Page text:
When was the last time you ate something new?
Most of us pursue a familiar grocery list, week in and week out.
But a trip to the farmers market always yields new discoveries. It may be an apple; but it’s an apple you’ve never seen before, like the Pink Pearl apples in the photo.
So go browsing this weekend. Ask the booth clerk about heirloom varieties, or simply try a fruit or vegetable you rarely eat. Loganberries? Turnips?
Here’s what’s in season in summer, although you’ll find other fruits and vegetables not on this list.
Apples, which may seem to some to be an all-American fruit, originated in Central Asia: in southern Kazakhstan, Kyrgyzstan, Tajikistan and Xinjiang, China.
Its wild ancestor, Malus sieversii, can still be found growing wild today—although the fruit of the tree won’t appeal to humans.
Apples have been grown for thousands of years in Asia, and were brought to other regions by botanists, colonists and traders.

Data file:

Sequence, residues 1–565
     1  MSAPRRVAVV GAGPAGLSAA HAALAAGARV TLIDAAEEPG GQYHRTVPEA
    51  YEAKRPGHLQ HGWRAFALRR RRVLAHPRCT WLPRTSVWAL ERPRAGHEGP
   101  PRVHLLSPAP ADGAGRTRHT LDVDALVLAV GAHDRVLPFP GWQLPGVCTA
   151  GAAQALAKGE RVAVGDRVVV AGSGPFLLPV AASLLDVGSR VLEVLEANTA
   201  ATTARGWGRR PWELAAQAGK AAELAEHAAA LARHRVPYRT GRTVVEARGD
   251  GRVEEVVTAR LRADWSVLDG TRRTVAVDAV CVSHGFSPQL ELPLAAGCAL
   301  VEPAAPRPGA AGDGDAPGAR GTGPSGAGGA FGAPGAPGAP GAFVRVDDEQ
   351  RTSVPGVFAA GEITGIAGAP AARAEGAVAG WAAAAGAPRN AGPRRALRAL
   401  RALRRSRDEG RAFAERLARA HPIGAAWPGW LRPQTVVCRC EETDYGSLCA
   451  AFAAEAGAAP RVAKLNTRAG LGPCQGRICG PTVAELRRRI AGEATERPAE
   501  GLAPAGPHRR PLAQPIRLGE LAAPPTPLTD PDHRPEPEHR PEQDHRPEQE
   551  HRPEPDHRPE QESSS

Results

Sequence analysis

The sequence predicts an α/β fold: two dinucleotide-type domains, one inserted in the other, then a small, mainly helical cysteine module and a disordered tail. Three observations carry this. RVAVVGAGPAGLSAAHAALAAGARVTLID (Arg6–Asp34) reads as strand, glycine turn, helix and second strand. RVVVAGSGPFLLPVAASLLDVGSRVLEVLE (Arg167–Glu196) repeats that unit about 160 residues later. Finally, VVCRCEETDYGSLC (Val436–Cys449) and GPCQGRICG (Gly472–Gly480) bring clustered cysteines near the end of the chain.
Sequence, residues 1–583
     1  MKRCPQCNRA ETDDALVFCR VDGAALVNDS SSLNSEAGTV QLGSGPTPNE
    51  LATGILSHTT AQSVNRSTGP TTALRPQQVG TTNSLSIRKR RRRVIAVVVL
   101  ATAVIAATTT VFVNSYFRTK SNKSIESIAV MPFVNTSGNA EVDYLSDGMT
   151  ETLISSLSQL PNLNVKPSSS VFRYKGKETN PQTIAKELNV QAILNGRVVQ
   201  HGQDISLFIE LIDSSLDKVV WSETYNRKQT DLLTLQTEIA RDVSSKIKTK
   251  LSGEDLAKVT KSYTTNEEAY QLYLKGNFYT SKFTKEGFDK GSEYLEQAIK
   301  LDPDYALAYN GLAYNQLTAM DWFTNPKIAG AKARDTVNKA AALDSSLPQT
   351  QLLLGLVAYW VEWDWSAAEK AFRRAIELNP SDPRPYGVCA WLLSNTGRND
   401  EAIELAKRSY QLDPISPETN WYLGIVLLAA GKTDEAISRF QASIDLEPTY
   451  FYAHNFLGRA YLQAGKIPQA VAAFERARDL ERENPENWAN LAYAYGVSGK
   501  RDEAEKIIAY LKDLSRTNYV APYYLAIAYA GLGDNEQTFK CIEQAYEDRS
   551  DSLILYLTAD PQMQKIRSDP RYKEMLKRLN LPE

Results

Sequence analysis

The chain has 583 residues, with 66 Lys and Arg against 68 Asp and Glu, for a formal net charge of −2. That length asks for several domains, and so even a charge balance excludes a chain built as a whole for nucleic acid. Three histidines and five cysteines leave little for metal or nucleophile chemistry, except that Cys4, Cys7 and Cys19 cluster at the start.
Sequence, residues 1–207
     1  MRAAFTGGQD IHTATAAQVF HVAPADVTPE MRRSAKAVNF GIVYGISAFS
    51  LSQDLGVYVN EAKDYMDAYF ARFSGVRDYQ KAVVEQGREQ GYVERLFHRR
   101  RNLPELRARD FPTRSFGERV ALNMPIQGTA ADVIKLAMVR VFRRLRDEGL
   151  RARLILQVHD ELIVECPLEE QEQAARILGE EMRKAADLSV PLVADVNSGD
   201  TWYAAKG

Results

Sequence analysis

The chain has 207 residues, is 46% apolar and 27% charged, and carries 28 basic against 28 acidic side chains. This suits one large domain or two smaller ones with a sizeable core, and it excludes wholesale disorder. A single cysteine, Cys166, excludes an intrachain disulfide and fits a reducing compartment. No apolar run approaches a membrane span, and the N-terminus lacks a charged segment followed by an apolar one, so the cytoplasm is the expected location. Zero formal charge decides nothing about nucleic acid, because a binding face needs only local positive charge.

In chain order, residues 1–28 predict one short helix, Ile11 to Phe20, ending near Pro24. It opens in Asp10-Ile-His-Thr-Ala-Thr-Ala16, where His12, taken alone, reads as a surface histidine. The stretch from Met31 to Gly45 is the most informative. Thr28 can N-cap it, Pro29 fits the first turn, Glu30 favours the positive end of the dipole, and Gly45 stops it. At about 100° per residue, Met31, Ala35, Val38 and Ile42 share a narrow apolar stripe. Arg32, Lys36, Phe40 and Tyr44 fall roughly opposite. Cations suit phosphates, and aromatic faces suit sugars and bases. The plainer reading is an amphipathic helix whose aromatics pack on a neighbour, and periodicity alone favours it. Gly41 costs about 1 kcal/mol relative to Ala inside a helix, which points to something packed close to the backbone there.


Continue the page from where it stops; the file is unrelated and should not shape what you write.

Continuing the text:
As a result, apple trees (Malus domestica) are cultivated worldwide. Sweet fruit varieties are grown for eating, sour varieties are grown for cider or other alcoholic beverages.
The center of diversity (breeding) of the genus Malus is in eastern present-day Turkey. The apple tree may have been the earliest tree that humans cultivated [source].
There are more than 7,500 known cultivars of apples, bred for specific characteristics. Even among sweet apples, different cultivars are bred for hand fruit and cooked fruit (applesauce, pies), with many varieties in each.
Apples were introduced to North America by colonists in the 17th century. The first apple orchard on the continent was planted in Boston in 1625 by Reverend William Blaxton in 1625. (The only apples native to North America are crab apples.)
So: Would you rather have a Delicious, a Fuji, a Gala, a Granny Smith, a Honeycrisp or the scores of other varieties within your reach?
Perhaps your farmers market scouting will yield some heirloom varieties, such as Black Oxford, Cameo, Gravenstein, and Newtown Pippin, a yellow apple with olive green and red spots that was grown by Thomas Jefferson at Monticello for cooking.
Every region grows different varieties, so whenever you’re visiting a different area, ask for the nearest farmers market. It’s a fun—and potentially delicious—voyage of discovery.